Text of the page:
Early in the pandemic a colleague sent me a fascinating webinar from experts in crisis response.  It talked about the importance of keeping yourself and your organisation “in lane” – making sure that you’re contributing to the discussions in which you’ve got expertise and insight, and resisting the temptation (and the very human response) to want to jump in and help with anything and everything.

That really hit home, because since I joined SCVO at the end of last year I’ve done a lot of thinking about how to define and describe “our lane” when it comes to policy and influencing work.  What’s our unique contribution, and what are we trying to achieve?  Having just started to get to grips with this around March, I was initially worried that my six-months-in-the-making framework for our policy priorities would have to be put in the bin, but once I calmed down a bit, it became clear that the issues we were working on were still the same, they just needed to be viewed through a COVID lens.

Our aim is still to influence the sector’s operating environment, it’s just that that the environment we’re influencing looks different.

Taking this as our overarching aim allows us to work on issues that will impact on organisations across the sector, regardless of their size, structure, or the thematic issues they work on.  We need to make sure that we’ve got the sector’s back on the issues that impact on their ability to deliver their missions, and over the coming year we think that those issues will include:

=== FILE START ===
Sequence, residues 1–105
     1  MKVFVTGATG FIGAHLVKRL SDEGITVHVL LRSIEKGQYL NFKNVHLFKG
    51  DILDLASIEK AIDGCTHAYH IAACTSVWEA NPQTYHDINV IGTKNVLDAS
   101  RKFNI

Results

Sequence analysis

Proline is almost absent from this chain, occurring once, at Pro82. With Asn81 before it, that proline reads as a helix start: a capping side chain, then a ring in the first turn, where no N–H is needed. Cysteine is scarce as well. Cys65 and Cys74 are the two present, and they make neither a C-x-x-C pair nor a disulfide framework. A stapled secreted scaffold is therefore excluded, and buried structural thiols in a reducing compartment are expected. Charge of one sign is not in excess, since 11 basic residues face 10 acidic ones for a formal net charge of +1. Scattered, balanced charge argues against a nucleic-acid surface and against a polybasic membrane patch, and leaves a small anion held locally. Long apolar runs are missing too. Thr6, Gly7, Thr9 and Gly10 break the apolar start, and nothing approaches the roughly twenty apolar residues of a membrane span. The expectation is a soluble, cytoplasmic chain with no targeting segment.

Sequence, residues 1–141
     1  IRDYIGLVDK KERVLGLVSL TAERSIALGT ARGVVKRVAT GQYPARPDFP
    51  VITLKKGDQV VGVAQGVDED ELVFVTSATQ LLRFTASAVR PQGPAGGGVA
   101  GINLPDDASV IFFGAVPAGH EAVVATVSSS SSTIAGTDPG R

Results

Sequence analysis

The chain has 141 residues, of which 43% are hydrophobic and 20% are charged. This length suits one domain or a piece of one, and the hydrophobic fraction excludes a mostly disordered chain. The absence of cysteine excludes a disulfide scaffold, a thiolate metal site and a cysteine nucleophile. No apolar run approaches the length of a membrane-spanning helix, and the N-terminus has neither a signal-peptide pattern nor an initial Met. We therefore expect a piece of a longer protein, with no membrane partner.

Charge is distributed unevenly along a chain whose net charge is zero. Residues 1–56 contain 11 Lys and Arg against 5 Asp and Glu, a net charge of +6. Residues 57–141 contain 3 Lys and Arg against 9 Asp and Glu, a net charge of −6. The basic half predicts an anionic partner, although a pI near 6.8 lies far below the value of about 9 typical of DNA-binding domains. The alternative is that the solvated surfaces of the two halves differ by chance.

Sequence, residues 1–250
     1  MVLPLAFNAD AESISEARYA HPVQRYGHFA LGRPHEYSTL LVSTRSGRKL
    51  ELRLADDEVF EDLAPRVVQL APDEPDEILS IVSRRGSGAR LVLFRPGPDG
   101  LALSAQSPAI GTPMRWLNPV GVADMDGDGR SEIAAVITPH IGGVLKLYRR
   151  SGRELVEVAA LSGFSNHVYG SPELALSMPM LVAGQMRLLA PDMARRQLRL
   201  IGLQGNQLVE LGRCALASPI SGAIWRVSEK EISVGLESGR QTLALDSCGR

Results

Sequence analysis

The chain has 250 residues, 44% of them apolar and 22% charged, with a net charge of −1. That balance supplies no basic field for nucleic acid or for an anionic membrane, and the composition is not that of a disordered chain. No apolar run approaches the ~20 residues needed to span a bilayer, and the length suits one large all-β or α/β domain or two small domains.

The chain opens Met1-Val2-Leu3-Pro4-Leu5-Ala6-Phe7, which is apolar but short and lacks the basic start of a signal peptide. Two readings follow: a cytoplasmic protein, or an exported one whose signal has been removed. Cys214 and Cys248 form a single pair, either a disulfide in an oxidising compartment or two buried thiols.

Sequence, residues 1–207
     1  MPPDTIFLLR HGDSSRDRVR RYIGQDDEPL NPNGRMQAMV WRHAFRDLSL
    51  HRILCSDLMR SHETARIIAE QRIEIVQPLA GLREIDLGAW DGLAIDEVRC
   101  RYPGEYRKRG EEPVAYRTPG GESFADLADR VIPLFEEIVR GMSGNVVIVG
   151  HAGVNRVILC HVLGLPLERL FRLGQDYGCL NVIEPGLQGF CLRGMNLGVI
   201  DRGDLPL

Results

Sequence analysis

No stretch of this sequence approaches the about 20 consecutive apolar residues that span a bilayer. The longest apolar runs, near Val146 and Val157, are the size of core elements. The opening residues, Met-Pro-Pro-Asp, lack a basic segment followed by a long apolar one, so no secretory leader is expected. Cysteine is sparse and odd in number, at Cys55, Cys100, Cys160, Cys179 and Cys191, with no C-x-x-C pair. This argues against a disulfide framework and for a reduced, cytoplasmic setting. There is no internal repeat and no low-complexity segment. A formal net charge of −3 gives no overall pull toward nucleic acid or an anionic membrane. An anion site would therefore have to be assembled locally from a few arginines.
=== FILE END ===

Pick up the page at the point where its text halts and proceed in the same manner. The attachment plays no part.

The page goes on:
• understanding and responding to the impact of coronavirus on the voluntary sector in Scotland
  • providing the sector with a platform for futures thinking and amplifying the sector’s voice in national discussions on renewal
  • thinking strategically with the sector and a range of funders about the long-term funding of the sector
  • making sure the impact of Brexit on the sector is not forgotten
  • highlighting the sector’s role as an employer, and our role in discussions relation to that
  • working with colleagues in the public sector to consider the ongoing relationship between our sectors
  • keeping an eye on regulatory issues that could impact on the sector.

Those priorities have guided us through the last few months, allowing us to secure access to business support grants for the voluntary sector, work with a range of funders to identify the range of financial support needed in the initial emergency phases and beyond, and ensure that the sector’s voice was heard in national discussions like the Framework for Recovery and the Advisory Group on Economic Recovery.

This work has been informed by our engagement with the sector, and thank you to all those who have given their time to this.  By describing more clearly what we’re working on and what we’re hoping to achieve, we hope it will be easier for organisations to identify which areas of our work are most important to them, and how they can get involved. 

Over the next year, we will be piloting a range of ways of engaging differently, and expanding the number and type of organisations that we work with to make sure we really understand the challenges you are facing, and what might work best to help to solve them.  I can keep us in lane, but we need you to drive us.